"I think everyone, in all the movements people have seen across social media in the last few weeks, no one's really saying they don't want to play," Reynolds said. "They're also not saying they want to play without the proper procedures in place. They're saying it in different ways."

But the health risks to athletes were just too high to move forward, Kevin Warren, the Big Ten Commissioner, said in a statement announcing the conference would postpone fall sports.

"It became abundantly clear that there was too much uncertainty regarding potential medical risks to allow our student-athletes to compete this fall," Warren said.

In the Pac-12 press conference, officials noted increasingly concerning research about a heart complication, myocarditis, that some athletes who previously had COVID-19 are at risk of developing due to inflammation and potential scarring of the heart muscle while battling symptoms of the virus. Dermot Phelan, director of sports cardiology at Atrium Health's Sanger Heart & Vascular Institute, said in a release that exercising with myocarditis intensifies the disease and increases the risk of cardiac arrest and sudden death.

"Even before COVID-19, myocarditis was a leading cause of death in young athletes. In the year of COVID, it's become a major concern," said Phelan, who co-wrote an article for Journal of the American Medical Association Cardiology on myocarditis risk for college athletes. "COVID seems to cause more heart damage than any virus we've had experience with."

The JAMA Cardiology article outlines return to play guidance for athletics officials to consider when working with athletes who have been infected with COVID-19, Phelan said in the release. The risk is higher for athletes who developed severe symptoms of the virus, rather than those who were asymptomatic, but all should be "cleared from a cardiac perspective" and limit intensity of exercise, he said. ESPN reported that at least a dozen athletes from Power Five institutions had been identified as having signs of myocarditis after recovering from COVID-19.

Reynolds, the Michigan football player, said that without football, he's uncomfortable with the idea of attending classes in person at the university, which is offering a mix of in-person and online classes. He said he believes if there can't be football, there shouldn't be in-person classes over all.

"I don't know where everyone else has been," Reynolds said. "Not being on the football team, they wouldn't have the same ability to be tested. I wouldn't feel comfortable in classes with people I don't know."

Jones, of C2i, said he doesn't see a correlation between colleges' athletic postponement decisions and overall campus decisions. "The decision to keep the campus open is larger than athletics," he said.

"The school would be able to make the argument that actually by moving forward without athletics, it continues a more consistent message around the reopening of campus," Jones said. "Sure, you're bringing students to campus, but there are a lot of really strict protocols in place in terms of social distancing and preventing large crowds. … I thought it would be really hard to argue the opposite -- that we can have football congregating and practicing, but we can't have Greek life doing the same. I actually think it might create more consistency in policy."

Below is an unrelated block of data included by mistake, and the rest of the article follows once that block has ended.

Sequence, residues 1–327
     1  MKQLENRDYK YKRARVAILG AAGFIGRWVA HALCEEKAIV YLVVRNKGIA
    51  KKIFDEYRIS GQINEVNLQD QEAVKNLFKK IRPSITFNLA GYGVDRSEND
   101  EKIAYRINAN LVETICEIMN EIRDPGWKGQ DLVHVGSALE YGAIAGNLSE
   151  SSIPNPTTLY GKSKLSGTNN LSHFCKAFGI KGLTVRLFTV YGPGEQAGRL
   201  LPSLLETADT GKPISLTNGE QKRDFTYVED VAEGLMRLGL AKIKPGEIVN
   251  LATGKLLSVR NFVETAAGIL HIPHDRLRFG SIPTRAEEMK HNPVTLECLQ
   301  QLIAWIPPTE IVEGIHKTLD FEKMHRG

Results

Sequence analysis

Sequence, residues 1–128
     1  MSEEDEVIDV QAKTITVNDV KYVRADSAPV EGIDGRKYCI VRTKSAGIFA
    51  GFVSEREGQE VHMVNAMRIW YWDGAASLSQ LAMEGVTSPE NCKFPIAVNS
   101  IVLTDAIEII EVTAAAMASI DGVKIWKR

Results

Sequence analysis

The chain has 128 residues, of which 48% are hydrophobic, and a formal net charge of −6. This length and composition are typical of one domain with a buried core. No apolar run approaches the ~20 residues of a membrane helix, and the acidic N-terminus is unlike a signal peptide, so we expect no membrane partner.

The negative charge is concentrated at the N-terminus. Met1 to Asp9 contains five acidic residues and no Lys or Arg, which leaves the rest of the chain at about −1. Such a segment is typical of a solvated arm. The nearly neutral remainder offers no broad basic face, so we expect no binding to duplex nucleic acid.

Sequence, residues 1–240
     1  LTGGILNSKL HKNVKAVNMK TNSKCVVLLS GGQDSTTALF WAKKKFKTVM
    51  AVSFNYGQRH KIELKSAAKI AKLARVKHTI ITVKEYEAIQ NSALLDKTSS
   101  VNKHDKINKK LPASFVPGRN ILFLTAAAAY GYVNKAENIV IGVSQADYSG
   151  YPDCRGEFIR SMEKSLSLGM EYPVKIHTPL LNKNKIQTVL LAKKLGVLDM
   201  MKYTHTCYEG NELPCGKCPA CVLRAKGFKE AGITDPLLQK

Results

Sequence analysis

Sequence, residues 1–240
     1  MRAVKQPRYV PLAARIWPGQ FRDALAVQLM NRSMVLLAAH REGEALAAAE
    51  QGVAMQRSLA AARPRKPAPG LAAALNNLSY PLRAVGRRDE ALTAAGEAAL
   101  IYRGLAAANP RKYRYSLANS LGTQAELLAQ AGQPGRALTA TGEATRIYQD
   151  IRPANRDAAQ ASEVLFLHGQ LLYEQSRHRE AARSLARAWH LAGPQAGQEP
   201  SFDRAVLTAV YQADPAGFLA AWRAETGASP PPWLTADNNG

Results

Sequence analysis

Chris Marsicano, founding director of C2i, said the initiative's research showed a trend among universities with major athletics programs, such as Clemson, deciding to push back the start of their fall semester, perhaps to offer officials more time to make an athletics decision.

"The big-time sports programs have a good amount of revenue, cash on hand if they need it," Marsicano said. "What they don't have is time. Any decision that gives the institution more time, is a decision that institutions are willing to make right now."

There are reports, though, that a canceled football season could result in a devastating result for colleges' athletics revenue and ability to continue non-revenue sports, which are typically all those excluding football and men's basketball. The University of Michigan athletic department could lose $56.6 million if the university cannot host any athletic events, mlive.com reported. Purdue University, another Big Ten member, announced a new fundraising campaign on Tuesday to "help the athletics department navigate the financial ramifications of the COVID-19 pandemic."

Despite fall competition being postponed for the Big Ten, Pac-12 and less visible Division I conferences such as the Mountain West and Mid-American, there is still talk of athletes being able to continue to work out together, have team meetings, receive academic support and other resources while attending classes, so long as local public health guidance permits. Beth Goetz, athletics director at Ball State University, which is in the Mid-American league, said the department is confident it can move forward with workouts and possibly modified practices this fall.

"If there's a safe opportunity for them to work on their craft, our counselors and doctors are saying that's important to keep them doing," Goetz said.

Ethan Good, chair of the NCAA Division I Student-Athlete Advisory Council, which represents the 160,000 athletes in the division, said athlete activities such as workouts and getting together with teammates and coaches will be important to maintain for their mental health and identity. But unlike the spring, when winter and spring sport championships were axed due to the coronavirus, the fall will be more about athletes' "adjusting" to changes to their athletic structure rather than "enduring" a cancellation of campus life altogether, said Good, a former basketball player at Bowling Green University.

"Student athletes are student athletes. Some people call them athletes, some people call them just students, it depends on what you work with them on," Good said. "It's a part of their identity and a change that will be very different."